Patrick Castigan Commits Suicide by Drowning Himself
Suffolk, Va., June 29 – Far away from dear ones and made morose and desperate because he couldn’t talk in life, Patrick CASTIGAN, an Irishman, 60 years old, preferred the quiet of death. If he had to keep still he’d rather die. Pat. Yesterday threw himself into the dark waters of Bennett’s Creek, near Gatesville, N.C. Last evening they found his body floating on the creek’s still bosom. He was dead.
Pat. CASTIGAN had no blood kin nearer than Ireland so far as is known. He moved to America about twenty years ago, since when he has lived nearly all the time in Gates county. Pat. Was a florist. He eked out a modest living looking after people gardens and telling funny stories. He had traveled in many countries during his younger days and laid by many a quaint selection of humor, interesting anecdote and bit of history. He could tell them well.
For years Pat. CASTIGAN has been a well-known figure in Gatesville. He was as familiar to court attendants as the Courthouse itself. Nearly everybody knew and liked Pat. He had no enemies.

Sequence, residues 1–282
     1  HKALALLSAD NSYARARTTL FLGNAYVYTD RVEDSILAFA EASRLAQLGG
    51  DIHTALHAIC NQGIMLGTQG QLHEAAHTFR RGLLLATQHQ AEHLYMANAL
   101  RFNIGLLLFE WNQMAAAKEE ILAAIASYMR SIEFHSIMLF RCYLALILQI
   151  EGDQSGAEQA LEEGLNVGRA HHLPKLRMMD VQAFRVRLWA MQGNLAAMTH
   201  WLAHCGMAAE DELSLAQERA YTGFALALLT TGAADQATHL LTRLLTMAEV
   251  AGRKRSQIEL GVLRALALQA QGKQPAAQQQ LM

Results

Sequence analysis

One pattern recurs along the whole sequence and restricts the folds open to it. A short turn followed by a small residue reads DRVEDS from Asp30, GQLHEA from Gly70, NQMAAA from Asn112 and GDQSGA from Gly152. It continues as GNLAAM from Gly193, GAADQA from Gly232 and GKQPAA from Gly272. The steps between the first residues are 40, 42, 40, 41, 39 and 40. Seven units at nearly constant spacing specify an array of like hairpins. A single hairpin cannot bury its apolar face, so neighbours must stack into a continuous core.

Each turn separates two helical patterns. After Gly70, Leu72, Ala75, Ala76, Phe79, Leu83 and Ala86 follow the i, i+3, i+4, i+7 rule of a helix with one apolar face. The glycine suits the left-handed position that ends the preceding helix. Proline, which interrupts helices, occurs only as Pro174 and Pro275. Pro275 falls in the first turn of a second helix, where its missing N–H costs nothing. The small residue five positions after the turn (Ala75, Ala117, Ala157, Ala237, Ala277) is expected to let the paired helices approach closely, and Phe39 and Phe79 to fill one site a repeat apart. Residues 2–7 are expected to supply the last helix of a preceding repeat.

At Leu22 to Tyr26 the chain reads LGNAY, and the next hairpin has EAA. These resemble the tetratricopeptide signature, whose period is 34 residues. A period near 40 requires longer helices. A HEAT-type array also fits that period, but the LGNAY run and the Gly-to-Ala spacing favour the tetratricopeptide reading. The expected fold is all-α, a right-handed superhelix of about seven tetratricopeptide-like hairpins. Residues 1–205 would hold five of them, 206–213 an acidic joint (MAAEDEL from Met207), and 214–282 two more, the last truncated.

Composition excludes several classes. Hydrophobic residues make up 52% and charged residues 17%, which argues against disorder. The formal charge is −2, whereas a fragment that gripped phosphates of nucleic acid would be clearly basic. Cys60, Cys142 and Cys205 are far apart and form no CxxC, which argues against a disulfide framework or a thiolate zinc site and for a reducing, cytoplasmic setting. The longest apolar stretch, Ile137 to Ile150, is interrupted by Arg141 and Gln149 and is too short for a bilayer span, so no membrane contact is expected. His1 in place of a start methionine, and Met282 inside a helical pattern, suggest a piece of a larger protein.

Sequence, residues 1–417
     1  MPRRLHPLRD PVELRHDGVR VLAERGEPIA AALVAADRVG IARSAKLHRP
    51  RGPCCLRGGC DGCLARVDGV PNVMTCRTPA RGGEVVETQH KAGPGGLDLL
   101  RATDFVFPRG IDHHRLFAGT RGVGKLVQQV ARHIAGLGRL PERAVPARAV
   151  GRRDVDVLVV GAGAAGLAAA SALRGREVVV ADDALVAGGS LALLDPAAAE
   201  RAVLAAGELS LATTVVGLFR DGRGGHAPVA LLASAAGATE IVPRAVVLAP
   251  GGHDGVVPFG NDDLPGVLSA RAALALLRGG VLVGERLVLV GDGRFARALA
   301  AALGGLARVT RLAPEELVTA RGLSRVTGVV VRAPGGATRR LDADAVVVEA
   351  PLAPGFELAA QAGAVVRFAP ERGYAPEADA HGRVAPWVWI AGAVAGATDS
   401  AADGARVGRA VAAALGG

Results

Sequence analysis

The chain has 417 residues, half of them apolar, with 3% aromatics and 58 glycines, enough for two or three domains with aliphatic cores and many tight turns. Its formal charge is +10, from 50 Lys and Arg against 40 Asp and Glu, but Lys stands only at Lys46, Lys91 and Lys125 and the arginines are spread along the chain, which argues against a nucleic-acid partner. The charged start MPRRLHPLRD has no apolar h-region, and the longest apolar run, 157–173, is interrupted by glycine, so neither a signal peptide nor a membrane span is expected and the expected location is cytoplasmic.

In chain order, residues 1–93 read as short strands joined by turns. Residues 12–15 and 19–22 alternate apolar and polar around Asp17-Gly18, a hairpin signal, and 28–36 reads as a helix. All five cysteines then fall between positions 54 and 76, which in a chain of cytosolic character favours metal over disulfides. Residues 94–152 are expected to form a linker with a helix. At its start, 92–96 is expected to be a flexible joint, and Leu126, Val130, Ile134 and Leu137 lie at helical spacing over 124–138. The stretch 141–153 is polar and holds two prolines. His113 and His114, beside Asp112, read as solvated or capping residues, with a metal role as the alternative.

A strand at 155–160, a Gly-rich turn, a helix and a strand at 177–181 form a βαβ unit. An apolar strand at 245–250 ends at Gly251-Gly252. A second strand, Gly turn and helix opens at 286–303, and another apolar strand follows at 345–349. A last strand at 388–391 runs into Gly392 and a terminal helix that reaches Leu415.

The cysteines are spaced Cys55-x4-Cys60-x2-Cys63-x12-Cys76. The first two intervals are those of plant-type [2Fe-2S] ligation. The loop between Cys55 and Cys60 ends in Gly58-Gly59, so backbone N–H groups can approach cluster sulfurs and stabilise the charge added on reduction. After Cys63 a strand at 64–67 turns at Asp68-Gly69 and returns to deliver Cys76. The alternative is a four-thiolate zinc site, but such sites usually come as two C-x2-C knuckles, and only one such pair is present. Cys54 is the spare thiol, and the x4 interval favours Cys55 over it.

As long as Pat could get around him a crowd of admirers and make them laugh he was contented. He would likely have lived to a mellow old age but for smallpox and its quarantine regulations. They have some mild cases of smallpox at Gatesville. The premises on which Pat. Lived, and which are owned by Mr. Joseph A. BROWN, were quarantined. Pat got very angry at having intercourse with his auditors cut off. He rebelled against any such regulations. That was in the first stages of the play that led to tragedy. He had to submit to the authorities. He became docile and listless at enforced quiet. The last stages were pregnant with melancholia. Old man CASTIGAN went temporarily mad and sought refuge in death. He made for the nearest deep water.
Dr. George WILLIAMS conducted an inquest over the body. The jury found a verdict of suicide. The deceased left no property, but the good people of Gatesville – friends of Pat, who had laughed at his wit and his stories – had no idea of having him fill a pauper’s lot. Today they gave him a respectable burial. Many person honored his memory.
Souce: Virginian-pilot (Norfolk, Va.), 30 June 1899. Chronicling America: Historic American Newspapers. Lib. of Congress. <http://chroniclingamerica.loc.gov/lccn/sn86071779/1899-06-30/ed-1/seq-8/>